Sarah O'Connor

Writer – Playwright – Cannot Save You From The Robot Apocalypse

“We are restless people by nature. We roam, from one house to another, one city to the next. There is a limit to how long we can stay somewhere before people start to notice,”(Moore 13).

Seventeen-year-old Pieta, or as she’s called Pie, is invisible. Not in the metaphorical sense, but really truly invisible. She is a soap bubble, ice, a girl of glass seen through by everyone and her mother is the same. In fact, it’s just been Pie and her mother for her entire life, sleeping on trains and living in a variety of homes: from the great outdoors to mansions with rooms upon rooms that the occupants never visit, travelling across the world finding a place for themselves if only for a little while. It’s a lonely existence, and Pie wants more. But just as they are entering Pittsburgh Pie’s mother disappears right before her eyes, invisible becoming more invisible and Pie must try to navigate the world without her while trying to find her.

I don’t think I’ve ever read about an invisible character and I Am the Ghost In Your House offered such an interesting concept of it, but it dragged. Pie was an intriguing character, an invisible teen who’s never had any connection to anyone except her own mother. She’s lonely, and Moore does an excellent job communicating that loneliness to reader’s as well as the interesting life Pie has lived living in mansions and the many places she has seen around the States. It’s harder to feel sympathy for her parents who seem to use or just grow tired of being around her. Now I will say that Pie’s mother is a traumatized individual, which explains her behaviour but definitely doesn’t excuse it.

It’s a beautifully written book, but a touch too long. The main storyline takes place at around three days or less, but is interspersed with short chapters of Pie reminiscing about her travels, which is again interesting but unneeded. Many of these chapters could have been cut or shortened and mentioned in other sections. It just stretched everything out so much longer than it needed to be, and considering this book has very little action to begin with I found myself just wishing for it to end.

Also, this is categorized as horror, but I didn’t find it scary. Maybe that’s just me since a lot of the horror I read usually goes to extremes, but I definitely wouldn’t categorize this as horror.

The invisibility of Pie was probably the strongest thing about this book, down to the details of how she navigates throughout the world and how inanimate objects react to her invisibility. While it isn’t explicitly clear as to how a person becomes invisible, there are certain theories thrown around by Moore. With Pie’s mother it’s a trauma response, and this ends up acting as an incredible metaphor for generational trauma. Since Pie’s mother’s invisibility is result of a trauma response, Pie is born invisible and into a way of life that she’s ever known, that she never had a choice in becoming. She literally inherits her mother’s trauma response and is raised to survive by a mother who, through flashbacks, is shown to be suffering greatly mentally from her past. Moore achieved this absolutely brilliantly, and I wish the book had been as clever as this theme was.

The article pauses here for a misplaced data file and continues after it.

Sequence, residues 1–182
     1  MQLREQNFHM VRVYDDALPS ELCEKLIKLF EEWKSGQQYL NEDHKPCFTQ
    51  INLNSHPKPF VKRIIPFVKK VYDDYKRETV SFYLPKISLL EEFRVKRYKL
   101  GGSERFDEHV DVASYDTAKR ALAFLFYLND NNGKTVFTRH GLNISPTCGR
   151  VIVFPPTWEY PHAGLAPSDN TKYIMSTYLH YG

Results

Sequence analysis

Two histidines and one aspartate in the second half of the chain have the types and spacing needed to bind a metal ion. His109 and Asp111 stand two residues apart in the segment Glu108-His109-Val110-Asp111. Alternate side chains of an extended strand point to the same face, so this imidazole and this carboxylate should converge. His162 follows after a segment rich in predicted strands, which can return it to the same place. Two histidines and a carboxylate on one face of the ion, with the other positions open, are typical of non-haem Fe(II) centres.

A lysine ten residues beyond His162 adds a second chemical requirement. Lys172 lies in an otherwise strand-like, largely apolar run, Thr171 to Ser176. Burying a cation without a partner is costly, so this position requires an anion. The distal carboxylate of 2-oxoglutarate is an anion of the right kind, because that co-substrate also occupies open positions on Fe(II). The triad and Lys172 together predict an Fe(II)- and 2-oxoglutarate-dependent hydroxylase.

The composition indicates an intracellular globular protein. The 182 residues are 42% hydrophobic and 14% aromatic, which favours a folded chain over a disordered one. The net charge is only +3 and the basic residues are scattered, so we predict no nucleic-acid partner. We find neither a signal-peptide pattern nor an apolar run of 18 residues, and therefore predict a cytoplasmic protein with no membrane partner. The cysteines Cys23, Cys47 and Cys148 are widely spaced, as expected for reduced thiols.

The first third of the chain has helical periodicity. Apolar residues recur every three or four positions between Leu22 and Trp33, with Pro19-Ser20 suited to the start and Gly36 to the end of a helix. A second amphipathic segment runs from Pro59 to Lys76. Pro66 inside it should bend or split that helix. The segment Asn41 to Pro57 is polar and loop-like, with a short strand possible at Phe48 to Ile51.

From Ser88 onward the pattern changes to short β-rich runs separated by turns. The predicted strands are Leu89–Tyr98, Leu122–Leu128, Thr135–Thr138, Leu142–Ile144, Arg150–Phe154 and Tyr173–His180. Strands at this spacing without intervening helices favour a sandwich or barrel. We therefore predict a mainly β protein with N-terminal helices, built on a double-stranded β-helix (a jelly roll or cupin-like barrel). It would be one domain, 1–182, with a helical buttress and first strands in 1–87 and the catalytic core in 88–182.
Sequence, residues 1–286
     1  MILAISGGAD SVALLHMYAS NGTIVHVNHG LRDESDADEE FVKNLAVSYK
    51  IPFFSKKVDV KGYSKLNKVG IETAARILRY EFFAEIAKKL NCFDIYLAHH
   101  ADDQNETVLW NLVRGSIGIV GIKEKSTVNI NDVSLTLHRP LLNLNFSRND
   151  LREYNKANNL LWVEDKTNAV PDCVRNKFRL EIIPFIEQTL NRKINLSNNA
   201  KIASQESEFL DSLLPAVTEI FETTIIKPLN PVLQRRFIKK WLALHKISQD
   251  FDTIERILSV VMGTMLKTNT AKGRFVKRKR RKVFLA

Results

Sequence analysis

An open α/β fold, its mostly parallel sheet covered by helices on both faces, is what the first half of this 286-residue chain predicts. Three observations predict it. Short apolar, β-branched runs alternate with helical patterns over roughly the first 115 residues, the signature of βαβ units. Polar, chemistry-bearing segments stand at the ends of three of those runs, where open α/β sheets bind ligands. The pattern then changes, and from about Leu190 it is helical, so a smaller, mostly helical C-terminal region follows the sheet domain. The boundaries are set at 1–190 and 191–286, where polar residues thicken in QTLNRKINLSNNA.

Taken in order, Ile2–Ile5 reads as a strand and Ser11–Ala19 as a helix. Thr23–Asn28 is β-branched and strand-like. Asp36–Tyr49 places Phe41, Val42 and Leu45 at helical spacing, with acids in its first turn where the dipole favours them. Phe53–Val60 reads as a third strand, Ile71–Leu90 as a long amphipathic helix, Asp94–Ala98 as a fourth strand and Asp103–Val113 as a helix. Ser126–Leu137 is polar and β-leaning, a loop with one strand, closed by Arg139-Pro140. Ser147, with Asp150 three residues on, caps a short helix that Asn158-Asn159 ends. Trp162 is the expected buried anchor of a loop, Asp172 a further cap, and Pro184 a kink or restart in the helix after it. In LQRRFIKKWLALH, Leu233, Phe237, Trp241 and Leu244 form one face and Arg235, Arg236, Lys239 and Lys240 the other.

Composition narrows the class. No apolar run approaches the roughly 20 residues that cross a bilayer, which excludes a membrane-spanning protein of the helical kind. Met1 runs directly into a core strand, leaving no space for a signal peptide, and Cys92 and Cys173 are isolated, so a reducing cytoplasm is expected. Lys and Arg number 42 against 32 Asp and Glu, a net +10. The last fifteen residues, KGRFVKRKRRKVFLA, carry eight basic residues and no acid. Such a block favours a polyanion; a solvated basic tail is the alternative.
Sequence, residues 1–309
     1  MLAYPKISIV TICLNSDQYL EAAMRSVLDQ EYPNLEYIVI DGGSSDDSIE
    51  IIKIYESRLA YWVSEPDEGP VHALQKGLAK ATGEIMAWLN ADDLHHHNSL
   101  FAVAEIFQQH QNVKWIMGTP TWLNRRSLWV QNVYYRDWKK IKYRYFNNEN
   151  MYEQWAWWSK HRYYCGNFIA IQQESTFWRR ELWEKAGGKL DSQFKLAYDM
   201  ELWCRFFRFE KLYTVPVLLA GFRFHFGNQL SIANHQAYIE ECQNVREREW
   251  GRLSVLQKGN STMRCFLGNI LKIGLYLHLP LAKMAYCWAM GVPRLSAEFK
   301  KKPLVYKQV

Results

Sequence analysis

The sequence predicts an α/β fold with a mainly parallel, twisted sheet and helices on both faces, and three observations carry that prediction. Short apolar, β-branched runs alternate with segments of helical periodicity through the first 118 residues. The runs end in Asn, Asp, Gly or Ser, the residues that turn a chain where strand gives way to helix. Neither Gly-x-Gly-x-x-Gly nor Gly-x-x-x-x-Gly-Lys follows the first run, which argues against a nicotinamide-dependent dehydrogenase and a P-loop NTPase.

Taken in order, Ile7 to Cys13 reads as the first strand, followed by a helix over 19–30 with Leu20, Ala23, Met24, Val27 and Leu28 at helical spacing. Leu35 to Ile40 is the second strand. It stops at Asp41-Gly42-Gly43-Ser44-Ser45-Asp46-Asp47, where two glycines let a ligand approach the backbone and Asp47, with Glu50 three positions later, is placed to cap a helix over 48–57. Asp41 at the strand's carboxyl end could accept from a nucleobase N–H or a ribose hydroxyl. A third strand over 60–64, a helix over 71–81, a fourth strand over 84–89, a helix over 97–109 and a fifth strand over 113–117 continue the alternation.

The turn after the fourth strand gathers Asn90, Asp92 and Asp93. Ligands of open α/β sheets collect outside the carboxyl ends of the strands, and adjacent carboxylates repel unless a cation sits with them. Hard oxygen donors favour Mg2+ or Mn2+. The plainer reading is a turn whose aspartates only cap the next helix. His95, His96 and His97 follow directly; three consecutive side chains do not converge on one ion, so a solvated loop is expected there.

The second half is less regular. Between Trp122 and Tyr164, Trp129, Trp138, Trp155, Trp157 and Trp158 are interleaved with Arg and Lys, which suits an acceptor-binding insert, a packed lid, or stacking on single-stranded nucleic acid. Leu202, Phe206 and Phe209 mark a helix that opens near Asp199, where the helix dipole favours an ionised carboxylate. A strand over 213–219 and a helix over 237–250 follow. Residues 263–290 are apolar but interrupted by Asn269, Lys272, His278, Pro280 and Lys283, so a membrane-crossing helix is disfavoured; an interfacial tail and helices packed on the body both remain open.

I Am The Ghost In Your House offers an interesting look at invisibility but makes for an ultimately boring story. I believe that if the theme of generational trauma had been explored more this would have made for a strong book, but unfortunately, it’s lack of a strong message made this book as invisible as it’s protagonist.

58065350Publication: April 19th 2022
Publisher: Delacorte Press
Pages: 432 pages (Hardcover)
Source: Library
Genre: Fiction, Young Adult, Romance, LGTBQ+
My Rating: ⛤⛤⛤

Pie is the ghost in your house.
She is not dead, she is invisible.
The way she looks changes depending on what is behind her. A girl of glass. A girl who is a window. If she stands in front of floral wallpaper she is full of roses.
For Pie’s entire life it’s been Pie and her mother. Just the two of them, traveling across America. They have slept in trains, in mattress stores, and on the bare ground. They have probably slept in your house.
But Pie is lonely. And now, at seventeen, her mother’s given her a gift. The choice of the next city they will go to. And Pie knows exactly where she wants to go. Pittsburgh—where she fell in love with a girl who she plans to find once again. And this time she will reveal herself.
Only how can anyone love an invisible girl?
A magnificent story of love, and friendship, and learning to see yourself in a world based on appearances, I Am the Ghost in Your House is a brilliant reflection on the importance of how much more there is to our world than what meets the eye.

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